Review of the epidemiological evidence for a possible relationship between hypocholesterolemia and cancer

M. Feinleib

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59 Scopus citations


The evidence relating hypocholesterolemia to an increased risk of cancer is controversial. Although more than a dozen populations have been studied in prospective epidemiological investigations, there is relatively little consistency relating low serum cholesterol levels to future risk or mortality from cancer. Several studies have demonstrated a significant inverse relationship, but many others have failed to do so, and there is no ready explanation for the divergence of results. The data from dietary studies, both at the group level and at the individual level, indicate that, if anything, higher intakes of cholesterol appear to be related to cancer rather than lower levels. A potential role for vitamin A and for some genetic predisposition to cancer perhaps associated with lower cholesterol absorption and decreased degradation of cholesterol in the gut may possibly explain some of these inconsistencies. It is concluded that: (a) the available data do not substantiate any direct cause and effect relationship between low blood cholesterol levels and cancer. Rather, the data suggest that low cholesterol levels may serve as a 'marker', possibly genetic, and in only small numbers of male individuals in any given population; (b) the data do not preclude, countermand, or contradict the current public health message which recommends that those with elevated cholesterol levels seek to lower them through diets lower in saturated fat and cholesterol.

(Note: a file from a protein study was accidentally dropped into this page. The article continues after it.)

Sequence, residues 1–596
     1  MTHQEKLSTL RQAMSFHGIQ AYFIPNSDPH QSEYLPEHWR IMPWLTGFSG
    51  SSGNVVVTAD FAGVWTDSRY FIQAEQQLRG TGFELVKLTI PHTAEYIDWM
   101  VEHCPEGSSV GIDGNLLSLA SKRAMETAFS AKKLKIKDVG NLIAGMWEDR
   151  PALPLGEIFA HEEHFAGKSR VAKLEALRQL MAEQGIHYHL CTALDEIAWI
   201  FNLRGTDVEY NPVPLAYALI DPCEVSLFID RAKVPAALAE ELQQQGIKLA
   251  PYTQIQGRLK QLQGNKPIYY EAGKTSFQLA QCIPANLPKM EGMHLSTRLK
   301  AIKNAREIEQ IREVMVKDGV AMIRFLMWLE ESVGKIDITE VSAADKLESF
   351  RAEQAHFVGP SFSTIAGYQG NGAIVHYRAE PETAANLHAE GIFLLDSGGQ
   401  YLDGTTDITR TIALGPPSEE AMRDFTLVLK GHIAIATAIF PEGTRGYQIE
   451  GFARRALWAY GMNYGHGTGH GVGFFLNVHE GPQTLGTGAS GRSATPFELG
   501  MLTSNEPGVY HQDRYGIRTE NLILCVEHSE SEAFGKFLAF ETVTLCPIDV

Original languageEnglish (US)
Pages (from-to)2503-2507
Number of pages5
JournalCancer Research
Issue number5 Suppl.
StatePublished - 1983
Externally publishedYes

ASJC Scopus subject areas

  • Cancer Research
  • Oncology


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